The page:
I have a Reiff preheat system on my 170. Here's their FAQ page, related to leaving the heat on continuously (it's OK to do that): http://www.reiffpreheat.com/FAQ.htm#QA3
. It refers to an Aviation Consumer article that might have more to say -- I haven't read it.
I used to be a member of a flying club here that had five Lycoming-powered Cessnas with Tanis heaters, and they plugged them in whenever they were in the hangar. They've done this literally for decades with no ill effects.
When I had my 170 in a cold hangar, I put the Reiff system on a timer to warm it up for the weekend (I was working then, and did all my flying on weekends. I didn't fly every weekend, so sometimes I was heating the engine for nothing (i.e. cycling the heat). I started to see rust in my oil filter, so I stopped doing that. When I bought the Reiff system, they recommended turning it on twelve hours before flight, then leaving it off until the next flight.
I'm now in the habit of removing the oil filler cap after each flight, so that condensation can escape. As long as you're not worried about bugs and things getting in there, I think that helps keep the engine clean. I don't know for sure, but it might have helped when I was cycling the heat -- but I wasn't doing it then.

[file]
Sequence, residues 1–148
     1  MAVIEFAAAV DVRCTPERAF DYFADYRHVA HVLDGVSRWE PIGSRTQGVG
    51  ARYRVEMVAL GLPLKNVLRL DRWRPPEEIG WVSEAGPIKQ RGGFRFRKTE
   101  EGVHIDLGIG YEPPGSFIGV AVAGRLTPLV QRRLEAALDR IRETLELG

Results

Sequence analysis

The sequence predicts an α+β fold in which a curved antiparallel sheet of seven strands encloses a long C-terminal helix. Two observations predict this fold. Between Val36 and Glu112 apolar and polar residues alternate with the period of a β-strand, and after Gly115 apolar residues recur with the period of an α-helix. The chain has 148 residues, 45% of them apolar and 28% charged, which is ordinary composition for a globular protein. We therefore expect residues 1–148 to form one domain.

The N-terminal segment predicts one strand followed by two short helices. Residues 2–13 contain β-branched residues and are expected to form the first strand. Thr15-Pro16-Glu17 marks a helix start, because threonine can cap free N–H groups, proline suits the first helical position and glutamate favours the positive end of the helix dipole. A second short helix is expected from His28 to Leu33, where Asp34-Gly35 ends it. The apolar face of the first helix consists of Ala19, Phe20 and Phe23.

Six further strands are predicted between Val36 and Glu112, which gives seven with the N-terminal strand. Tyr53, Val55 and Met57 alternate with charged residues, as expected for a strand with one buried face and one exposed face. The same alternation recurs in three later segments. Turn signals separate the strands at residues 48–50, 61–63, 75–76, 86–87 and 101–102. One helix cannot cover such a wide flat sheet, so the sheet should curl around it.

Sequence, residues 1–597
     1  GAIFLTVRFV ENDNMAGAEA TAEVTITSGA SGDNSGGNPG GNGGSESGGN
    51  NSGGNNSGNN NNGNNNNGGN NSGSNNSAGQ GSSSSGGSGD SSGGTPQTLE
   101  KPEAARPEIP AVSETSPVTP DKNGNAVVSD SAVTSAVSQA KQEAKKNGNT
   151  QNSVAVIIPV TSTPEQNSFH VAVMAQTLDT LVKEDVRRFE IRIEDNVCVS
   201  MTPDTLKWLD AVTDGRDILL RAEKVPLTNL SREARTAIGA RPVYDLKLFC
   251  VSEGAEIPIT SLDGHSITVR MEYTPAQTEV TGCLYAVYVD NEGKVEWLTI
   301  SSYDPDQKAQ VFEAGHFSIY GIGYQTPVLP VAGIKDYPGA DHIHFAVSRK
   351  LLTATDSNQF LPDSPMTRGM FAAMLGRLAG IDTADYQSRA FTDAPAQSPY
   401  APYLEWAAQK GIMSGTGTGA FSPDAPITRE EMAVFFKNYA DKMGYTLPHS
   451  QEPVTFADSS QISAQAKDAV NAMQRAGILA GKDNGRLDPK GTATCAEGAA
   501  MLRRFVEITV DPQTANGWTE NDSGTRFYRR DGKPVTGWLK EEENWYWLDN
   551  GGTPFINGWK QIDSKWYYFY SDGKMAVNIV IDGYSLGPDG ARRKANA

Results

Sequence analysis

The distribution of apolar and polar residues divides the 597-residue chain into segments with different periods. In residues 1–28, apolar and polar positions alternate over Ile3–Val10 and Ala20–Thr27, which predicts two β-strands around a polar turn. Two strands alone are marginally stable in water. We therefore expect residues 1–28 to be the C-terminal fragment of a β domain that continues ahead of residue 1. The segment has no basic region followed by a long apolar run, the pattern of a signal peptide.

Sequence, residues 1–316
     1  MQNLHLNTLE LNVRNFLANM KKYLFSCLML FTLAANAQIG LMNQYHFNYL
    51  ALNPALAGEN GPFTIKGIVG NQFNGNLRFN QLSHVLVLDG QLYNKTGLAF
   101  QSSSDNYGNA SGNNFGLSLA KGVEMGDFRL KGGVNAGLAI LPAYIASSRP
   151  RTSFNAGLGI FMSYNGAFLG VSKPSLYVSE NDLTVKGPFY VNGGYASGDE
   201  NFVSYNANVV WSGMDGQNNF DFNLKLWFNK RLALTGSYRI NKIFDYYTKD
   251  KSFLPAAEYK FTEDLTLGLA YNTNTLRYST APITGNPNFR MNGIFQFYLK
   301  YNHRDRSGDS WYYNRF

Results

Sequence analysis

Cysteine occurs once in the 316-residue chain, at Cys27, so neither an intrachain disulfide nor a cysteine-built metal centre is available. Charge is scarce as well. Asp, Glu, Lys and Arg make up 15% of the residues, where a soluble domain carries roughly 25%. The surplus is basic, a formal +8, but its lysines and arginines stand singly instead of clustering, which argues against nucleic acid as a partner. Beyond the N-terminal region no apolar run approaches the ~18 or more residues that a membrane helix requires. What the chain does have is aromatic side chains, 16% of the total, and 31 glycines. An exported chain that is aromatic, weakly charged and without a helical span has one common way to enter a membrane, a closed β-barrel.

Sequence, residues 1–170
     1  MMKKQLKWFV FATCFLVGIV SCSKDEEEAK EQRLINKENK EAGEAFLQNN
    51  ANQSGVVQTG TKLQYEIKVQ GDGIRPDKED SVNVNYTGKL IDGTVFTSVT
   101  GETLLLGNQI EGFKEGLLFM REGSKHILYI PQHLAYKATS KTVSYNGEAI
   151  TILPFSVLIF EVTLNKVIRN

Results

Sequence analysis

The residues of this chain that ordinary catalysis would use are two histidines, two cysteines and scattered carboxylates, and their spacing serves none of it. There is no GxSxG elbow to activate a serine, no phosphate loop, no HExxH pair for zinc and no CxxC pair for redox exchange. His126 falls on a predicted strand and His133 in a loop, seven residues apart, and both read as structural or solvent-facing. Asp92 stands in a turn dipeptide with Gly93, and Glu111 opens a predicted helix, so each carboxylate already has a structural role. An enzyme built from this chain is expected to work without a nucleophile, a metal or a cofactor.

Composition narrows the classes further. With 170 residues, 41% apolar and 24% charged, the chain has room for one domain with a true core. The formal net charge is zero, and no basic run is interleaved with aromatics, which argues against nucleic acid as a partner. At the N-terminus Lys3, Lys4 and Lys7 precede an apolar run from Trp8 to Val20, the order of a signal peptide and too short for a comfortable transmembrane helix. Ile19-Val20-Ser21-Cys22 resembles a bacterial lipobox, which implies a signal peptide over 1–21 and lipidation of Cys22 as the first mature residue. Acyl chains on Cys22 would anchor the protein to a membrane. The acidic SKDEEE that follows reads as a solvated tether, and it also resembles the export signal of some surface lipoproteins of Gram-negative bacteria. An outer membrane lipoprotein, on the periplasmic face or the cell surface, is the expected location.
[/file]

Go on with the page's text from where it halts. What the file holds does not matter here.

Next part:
Now I'm in an insulated hangar with radiant heat. In cold weather I keep the thermostat set at 46 degrees when I'm not there, and I don't preheat any more unless I RON somewhere. That's about the best compromise I can think of.
So my recommendation to you is either to leave heat on the engine full-time (maybe just a light bulb inside the cowling, in your mild climate) or warm it only before a flight.